KJ Dell’Antonia, formerly of this blog, has an interesting post up at the New York Times Motherlode, which she now helms. She’s discovered that the U.S. Census Bureau considers moms who care for their children to be the standard, whereas men who care for their children are, in essence, baby-sitting. The bureau's view of what constitutes normal family life is revealed in a report called “Who’s Minding the Kids?” When moms take care of the kids the government considers it standard, the language of the report reveals; when dads do it, that’s called a “child care arrangement.” Which is weird because, as Dell’Antonia points out, the number of children cared for by their fathers is growing.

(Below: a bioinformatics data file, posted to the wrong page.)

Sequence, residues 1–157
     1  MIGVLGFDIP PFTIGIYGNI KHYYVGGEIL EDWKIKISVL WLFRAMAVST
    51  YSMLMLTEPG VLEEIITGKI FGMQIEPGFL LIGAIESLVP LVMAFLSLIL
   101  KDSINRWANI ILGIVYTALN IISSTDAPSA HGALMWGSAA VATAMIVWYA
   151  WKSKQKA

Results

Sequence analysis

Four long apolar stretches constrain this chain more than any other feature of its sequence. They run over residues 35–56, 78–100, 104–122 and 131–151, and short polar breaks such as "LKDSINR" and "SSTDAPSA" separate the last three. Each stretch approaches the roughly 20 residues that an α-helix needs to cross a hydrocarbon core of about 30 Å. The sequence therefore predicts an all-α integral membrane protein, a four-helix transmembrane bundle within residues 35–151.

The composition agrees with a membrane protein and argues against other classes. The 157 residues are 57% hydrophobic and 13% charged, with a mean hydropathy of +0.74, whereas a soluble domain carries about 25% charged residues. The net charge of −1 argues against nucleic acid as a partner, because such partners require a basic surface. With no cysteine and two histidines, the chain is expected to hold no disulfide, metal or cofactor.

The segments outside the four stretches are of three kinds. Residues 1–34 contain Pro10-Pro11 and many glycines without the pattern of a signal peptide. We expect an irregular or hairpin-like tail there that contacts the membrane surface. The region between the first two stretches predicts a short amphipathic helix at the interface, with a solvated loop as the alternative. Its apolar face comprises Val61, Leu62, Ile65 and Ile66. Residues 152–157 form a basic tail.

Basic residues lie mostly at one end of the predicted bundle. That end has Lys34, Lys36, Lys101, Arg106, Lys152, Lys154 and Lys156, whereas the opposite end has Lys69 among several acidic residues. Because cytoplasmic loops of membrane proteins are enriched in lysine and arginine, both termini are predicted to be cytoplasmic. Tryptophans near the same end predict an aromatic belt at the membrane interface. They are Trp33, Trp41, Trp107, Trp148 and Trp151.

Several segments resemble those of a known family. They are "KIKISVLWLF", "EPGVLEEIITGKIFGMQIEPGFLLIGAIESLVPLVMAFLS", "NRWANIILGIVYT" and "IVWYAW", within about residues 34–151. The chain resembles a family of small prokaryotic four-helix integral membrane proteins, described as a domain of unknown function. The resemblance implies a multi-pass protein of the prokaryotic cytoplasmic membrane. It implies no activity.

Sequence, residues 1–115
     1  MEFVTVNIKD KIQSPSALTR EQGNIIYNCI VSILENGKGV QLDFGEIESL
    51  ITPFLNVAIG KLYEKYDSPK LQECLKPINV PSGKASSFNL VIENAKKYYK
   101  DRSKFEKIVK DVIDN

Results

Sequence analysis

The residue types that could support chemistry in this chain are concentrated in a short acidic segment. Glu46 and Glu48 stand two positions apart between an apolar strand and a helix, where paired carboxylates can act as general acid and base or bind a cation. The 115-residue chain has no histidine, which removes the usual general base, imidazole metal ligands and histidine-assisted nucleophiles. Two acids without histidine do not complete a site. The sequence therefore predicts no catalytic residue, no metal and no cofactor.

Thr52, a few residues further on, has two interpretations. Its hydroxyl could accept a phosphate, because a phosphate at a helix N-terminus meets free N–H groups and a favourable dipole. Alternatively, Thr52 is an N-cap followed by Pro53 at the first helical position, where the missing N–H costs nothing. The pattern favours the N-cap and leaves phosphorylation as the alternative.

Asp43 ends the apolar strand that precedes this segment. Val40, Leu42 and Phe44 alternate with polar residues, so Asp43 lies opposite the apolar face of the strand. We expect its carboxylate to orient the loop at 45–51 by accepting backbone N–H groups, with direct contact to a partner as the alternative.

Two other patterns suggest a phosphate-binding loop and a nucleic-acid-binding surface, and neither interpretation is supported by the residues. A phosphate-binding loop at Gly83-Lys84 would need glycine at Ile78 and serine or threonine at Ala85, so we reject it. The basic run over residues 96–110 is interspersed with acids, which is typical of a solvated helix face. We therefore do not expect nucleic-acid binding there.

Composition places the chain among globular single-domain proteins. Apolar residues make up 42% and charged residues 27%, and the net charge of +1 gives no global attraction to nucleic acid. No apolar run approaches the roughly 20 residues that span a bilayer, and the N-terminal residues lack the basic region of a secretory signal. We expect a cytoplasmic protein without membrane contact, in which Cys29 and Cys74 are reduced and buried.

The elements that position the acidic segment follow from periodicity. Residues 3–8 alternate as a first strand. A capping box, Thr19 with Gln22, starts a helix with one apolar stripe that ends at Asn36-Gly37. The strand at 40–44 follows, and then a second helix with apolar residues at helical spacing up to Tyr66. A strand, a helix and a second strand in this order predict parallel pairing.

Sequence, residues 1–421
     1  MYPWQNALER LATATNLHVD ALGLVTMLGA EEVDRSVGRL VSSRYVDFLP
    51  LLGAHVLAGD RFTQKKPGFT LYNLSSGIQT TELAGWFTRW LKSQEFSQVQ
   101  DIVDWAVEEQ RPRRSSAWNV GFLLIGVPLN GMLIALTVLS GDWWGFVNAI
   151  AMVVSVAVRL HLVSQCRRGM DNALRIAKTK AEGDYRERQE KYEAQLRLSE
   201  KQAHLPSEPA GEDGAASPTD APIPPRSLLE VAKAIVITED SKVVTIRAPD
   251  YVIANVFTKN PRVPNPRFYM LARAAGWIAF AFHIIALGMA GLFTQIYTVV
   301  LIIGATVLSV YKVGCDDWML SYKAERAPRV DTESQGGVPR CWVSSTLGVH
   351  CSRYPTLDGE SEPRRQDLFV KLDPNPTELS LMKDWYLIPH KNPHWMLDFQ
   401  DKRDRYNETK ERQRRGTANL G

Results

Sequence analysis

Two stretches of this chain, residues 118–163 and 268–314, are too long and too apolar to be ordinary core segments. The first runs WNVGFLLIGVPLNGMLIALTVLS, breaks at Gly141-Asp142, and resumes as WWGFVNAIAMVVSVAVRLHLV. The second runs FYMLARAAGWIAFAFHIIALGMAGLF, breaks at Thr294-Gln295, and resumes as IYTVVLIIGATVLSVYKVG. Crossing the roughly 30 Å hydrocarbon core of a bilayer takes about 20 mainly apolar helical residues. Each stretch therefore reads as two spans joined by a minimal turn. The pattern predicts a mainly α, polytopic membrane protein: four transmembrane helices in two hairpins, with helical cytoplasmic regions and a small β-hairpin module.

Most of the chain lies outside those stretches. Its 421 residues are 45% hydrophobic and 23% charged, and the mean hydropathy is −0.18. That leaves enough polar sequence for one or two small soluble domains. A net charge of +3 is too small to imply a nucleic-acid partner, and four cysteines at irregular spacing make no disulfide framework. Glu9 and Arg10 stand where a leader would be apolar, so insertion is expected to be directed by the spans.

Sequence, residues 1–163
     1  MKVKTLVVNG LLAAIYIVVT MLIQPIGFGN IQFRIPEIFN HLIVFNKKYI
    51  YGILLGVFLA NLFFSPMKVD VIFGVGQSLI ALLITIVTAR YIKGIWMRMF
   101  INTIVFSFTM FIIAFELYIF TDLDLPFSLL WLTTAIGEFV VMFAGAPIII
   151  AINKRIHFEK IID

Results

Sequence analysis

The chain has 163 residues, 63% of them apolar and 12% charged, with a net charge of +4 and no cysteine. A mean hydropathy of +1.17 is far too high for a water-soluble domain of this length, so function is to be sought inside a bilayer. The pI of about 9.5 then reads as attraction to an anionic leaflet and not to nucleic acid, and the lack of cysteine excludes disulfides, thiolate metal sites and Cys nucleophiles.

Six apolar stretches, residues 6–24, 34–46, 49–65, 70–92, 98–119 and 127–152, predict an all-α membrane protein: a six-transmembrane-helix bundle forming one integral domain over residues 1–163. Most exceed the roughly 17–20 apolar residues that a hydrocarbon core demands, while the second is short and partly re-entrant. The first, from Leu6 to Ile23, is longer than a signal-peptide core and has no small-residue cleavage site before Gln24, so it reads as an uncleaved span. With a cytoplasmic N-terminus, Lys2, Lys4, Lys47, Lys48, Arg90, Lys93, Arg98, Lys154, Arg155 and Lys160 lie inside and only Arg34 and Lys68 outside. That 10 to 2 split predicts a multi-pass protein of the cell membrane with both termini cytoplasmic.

I stopped working for almost a year after our daughter was born, and during that time there was a sizable number of stay-at-home dads in our Bronx neighborhood. For some reason, they tended to congregate at one playground, which was my favorite. The dads were doing all the same stuff as the moms – pulling out Ziploc bags of cheerios, brokering arguments over doll strollers, filling up tiny water balloons at the fountain so their kids could throw them, leaving the ground littered with tiny bits of wet rubber. (It’s as annoying and satisfying as it sounds.) Like the moms, they weren't being paid, and like the moms, they came every day and considered this their work. Their presence there constituted parenting, not an “arrangement.” It may well be that in most American families, the mom is the “designated parent,” as the Census Bureau puts it, but in the face of demographic change, it seems time to reconsider what we label deviation from the norm.